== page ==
Whitehall Board of Education member Brandon Howard and his mother, board vice president Ronda Howard, resigned from their positions effective immediately Feb. 28.
The district received their letters sometime on Thursday. The remaining three school board members were expected to meet in special session March 4 at the district's administrative offices to officially accept the resignations. The board also is expected to name a new board vice president.
Board president Walter Armes said he was surprised to hear of the Howards' joint departure.
"I was not expecting it," he said after learning of the news.
Neither Brandon nor Ronda Howard could be reached for comment.
ThisWeek has received letters from residents and some anonymous sources, calling for Brandon Howard's resignation. Social-media outlets, like YouTube, Facebook and Twitter, also featured numerous posts about him.
In his letter, Brandon Howard did not mention any specific reason for stepping down but alluded to a recent controversy over a weapons charge stemming from a summertime incident.
"I feel that it is in the best interest for me to resign for the well-being of my family," he said in the letter.
Howard has served on the board for a little more than two years. The seat became available in 2010, when former board member Carolyn McIntosh stepped down for personal reasons. That seat is up for election again in November.
Howard's mother, Ronda, has been a school board member since 2004. Though her letter contained many messages of thanks, it gave no reason for her departure.
"Please accept my letter of resignation effective immediately from the position of an elected official with the Whitehall City School Board of Education," she said in her letter. She went on to recognize everyone, from the superintendent to board members and staff (past and present).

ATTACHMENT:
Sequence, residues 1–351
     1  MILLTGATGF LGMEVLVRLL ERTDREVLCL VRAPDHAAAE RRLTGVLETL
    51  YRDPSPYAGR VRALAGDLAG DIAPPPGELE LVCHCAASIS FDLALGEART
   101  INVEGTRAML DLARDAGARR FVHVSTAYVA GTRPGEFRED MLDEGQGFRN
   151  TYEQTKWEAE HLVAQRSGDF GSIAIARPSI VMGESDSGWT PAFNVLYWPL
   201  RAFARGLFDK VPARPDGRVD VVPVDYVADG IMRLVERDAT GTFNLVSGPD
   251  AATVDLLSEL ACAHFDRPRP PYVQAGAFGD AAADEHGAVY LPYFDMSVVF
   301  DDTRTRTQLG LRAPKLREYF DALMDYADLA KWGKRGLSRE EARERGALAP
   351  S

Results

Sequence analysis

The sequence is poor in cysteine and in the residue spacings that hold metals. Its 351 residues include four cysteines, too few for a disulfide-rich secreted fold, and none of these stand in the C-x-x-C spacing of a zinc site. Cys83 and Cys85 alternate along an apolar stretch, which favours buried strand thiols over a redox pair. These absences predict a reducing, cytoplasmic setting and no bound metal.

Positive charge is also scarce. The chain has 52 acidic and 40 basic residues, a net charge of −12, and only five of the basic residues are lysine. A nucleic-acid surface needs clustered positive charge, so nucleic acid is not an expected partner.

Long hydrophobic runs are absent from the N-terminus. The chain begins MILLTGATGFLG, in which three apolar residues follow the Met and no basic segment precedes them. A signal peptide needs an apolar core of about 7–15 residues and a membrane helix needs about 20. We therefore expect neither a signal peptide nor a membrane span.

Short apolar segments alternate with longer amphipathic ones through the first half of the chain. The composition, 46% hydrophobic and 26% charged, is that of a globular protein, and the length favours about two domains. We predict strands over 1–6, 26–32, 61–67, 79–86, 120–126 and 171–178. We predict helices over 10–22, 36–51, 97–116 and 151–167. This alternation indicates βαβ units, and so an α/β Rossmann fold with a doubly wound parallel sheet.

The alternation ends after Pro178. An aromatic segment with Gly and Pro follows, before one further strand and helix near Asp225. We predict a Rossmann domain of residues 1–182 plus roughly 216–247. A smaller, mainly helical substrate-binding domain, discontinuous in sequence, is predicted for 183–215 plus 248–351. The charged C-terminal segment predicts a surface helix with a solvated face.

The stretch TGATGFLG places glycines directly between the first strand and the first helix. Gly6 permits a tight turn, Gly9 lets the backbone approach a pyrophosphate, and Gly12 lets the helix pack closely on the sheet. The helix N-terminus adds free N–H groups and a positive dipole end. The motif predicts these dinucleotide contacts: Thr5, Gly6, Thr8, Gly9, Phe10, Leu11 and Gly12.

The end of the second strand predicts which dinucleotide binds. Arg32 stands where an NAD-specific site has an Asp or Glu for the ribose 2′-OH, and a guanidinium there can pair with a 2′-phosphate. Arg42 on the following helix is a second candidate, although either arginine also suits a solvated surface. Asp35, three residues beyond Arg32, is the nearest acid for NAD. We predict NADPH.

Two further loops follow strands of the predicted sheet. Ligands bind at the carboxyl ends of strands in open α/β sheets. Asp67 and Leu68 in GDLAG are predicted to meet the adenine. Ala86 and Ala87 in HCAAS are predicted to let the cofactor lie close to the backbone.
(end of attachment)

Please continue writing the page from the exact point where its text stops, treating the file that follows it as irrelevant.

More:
"These parents, students and community members are the reason I continued to strive for what I believe were the best opportunities for our children," she said.
Superintendent Judyth Dobbert-Meloy thanked them for their service.
"The district appreciates the service that both Ronda and Brandon have provided on the Whitehall City School Board, and we certainly wish them the best in all future endeavors," she said.
Controversy first began to stir around Brandon Howard following a gun incident during National Night Out festivities in August 2012.
A Franklin County grand jury indicted Howard on Sept. 28 with carrying a concealed weapon. The charge was a fourth-degree felony, which carried a maximum penalty of 18 months in prison and a $5,000 fine.
During the incident, Howard was accused of carrying a loaded firearm during Whitehall's National Night Out celebration at John Bishop Park on Aug. 7. He claimed he had a permit but could not locate it in his car. He was not arrested but was told to produce the documentation within the next two days.
On Aug. 9, Whitehall police detained Howard during a traffic stop. He told police his employer mistakenly had informed him he had a permit to carry a firearm so he could not produce the proper documentation. According to the report, Howard told police he was a "victim of relying on what his boss told him" and would no longer carry a gun.
The weapon was confiscated.
Prosecutors say they are not certain it was the same firearm. The one turned over to police two days after the incident, though, was deemed inoperable.
Howard's clean record and the inability to prove that the gun he had been carrying Aug. 7 was operable played a large part in the final charges.
Howard pleaded guilty in Franklin County Common Pleas Court on Feb. 4 to a misdemeanor charge of carrying a concealed weapon. He received no jail time but was ordered to pay a $300 fine and court costs.
Brandon Howard read a brief apology during the school board's regular monthly meeting Feb. 14.
According to Armes, the district has 30 days from the Howards' Feb. 28 resignations to fill the two vacant positions. Conversely, Armes said, the district is not allowed to fill the positions within the first 10 days after the resignations.
The three remaining board members will interview candidates for the position this month. They must agree on two choices or the case will land in the hands of a probate judge.